Shown are outcomes for patients with suspected MIS-C who received IVIG plus glucocorticoids (Panel A) or glucocorticoids alone (Panel B) as compared with those who received IVIG alone (reference group, indicated by an odds ratio or average hazard ratio of 1.00). Odds ratios are shown for all comparisons except time-to-event analyses, for which average hazard ratios were calculated. Values to the right of the dashed vertical line indicate the superiority of IVIG alone, except for the second primary outcome (a reduction in disease severity on the ordinal scale by day 2, indicated by blue arrows), for which values to the left indicate the superiority of IVIG alone.

A total of 50 of 553 patients (9%) received immunomodulators before transfer to the reporting hospital and were excluded from the weighted analyses. The receipt of inotropic support or mechanical ventilation on day 2 or later or death (the first primary outcome) occurred in 56 patients who received initial treatment with IVIG plus glucocorticoids (adjusted odds ratio for the comparison with IVIG alone, 0.77; 95% confidence interval [CI], 0.33 to 1.82) and in 17 patients who received glucocorticoids alone (adjusted odds ratio, 0.54; 95% CI, 0.22 to 1.33) (Figure 2). Unadjusted values are shown in Table S5.

In a subgroup analysis that included only the patients who met the WHO criteria for MIS-C, a first-primary-outcome event occurred in 40 patients who received initial treatment with IVIG plus glucocorticoids (adjusted odds ratio for the comparison with IVIG alone, 0.95; 95% CI, 0.37 to 2.45) and in 12 patients who received initial treatment with glucocorticoids alone (adjusted odds ratio, 0.30; 95% CI, 0.10 to 0.85). The results for the individual components of the composite outcome are shown in Figure 2 and Table S5.

A reduction in the score for disease severity on the ordinal scale by day 2 (the second primary outcome) occurred in 54 patients who received IVIG plus glucocorticoids (adjusted odds ratio for the comparison with IVIG alone, 0.90; 95% CI, 0.48 to 1.69) and in 20 patients who received glucocorticoids alone (adjusted odds ratio, 0.93; 95% CI, 0.43 to 2.04). When WHO criteria for MIS-C were considered in a subgroup analysis, a second-primary-outcome event occurred in 52 patients who received IVIG plus glucocorticoids (adjusted odds ratio for the comparison with IVIG alone, 1.09; 95% CI, 0.53 to 2.23) and in 16 patients who received glucocorticoids alone (adjusted odds ratio, 1.95; 95% CI, 0.83 to 4.60).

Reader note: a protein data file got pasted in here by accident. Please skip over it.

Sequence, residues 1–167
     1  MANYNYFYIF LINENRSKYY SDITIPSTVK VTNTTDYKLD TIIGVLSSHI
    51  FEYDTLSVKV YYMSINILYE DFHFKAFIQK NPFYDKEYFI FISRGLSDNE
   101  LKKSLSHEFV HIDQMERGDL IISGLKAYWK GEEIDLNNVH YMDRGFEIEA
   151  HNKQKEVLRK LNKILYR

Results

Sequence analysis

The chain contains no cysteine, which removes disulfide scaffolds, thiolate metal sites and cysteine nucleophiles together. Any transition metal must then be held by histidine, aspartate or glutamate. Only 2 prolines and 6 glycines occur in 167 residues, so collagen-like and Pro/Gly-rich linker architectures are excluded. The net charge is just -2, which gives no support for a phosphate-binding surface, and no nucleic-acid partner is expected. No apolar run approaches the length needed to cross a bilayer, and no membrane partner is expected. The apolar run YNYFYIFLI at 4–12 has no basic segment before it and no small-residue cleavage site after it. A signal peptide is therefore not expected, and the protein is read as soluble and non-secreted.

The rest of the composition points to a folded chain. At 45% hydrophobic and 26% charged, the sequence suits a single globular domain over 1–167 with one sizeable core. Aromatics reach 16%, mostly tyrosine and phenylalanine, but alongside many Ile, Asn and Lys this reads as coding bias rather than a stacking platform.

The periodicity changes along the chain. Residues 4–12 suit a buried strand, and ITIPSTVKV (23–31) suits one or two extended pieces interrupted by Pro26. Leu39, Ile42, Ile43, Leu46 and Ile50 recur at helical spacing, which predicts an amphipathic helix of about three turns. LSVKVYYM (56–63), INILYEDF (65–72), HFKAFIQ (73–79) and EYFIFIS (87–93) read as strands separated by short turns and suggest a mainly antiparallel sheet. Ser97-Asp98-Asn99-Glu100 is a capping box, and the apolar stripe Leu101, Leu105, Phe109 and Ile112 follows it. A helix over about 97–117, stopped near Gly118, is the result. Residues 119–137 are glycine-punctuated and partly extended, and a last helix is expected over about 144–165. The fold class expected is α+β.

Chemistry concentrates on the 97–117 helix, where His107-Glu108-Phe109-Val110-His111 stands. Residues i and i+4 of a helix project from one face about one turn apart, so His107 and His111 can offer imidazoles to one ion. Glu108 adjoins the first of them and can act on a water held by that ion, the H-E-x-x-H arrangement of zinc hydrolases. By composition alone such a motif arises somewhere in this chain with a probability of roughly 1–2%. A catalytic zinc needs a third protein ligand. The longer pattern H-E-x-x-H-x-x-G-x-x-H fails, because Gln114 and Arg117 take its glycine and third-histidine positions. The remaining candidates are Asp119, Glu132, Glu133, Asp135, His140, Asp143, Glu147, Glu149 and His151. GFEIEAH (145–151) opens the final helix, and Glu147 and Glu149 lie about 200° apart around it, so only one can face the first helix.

The results for the two primary outcomes showed an acceptable degree of balance with respect to the covariates (Fig. S9). Analyses that were performed with the use of standardized weights did not change the interpretation of the primary outcomes.

Secondary Outcomes

Escalation of immunomodulatory treatment was less common among the patients who received IVIG plus glucocorticoids than among those who received IVIG alone (odds ratio, 0.18; 95% CI, 0.10 to 0.33). The comparison was inconclusive between the patients who received glucocorticoids alone and those who received IVIG alone (odds ratio, 1.31; 95% CI, 0.64 to 2.68) (Table S5; Table S1 shows additional details regarding treatment escalation according to group). No clear between-group differences were seen in blood markers, inotropic support, or mechanical ventilation between patients who had an escalation to other treatments by day 2 and those who continued to receive the initial treatment (Figs. S5 and S6B).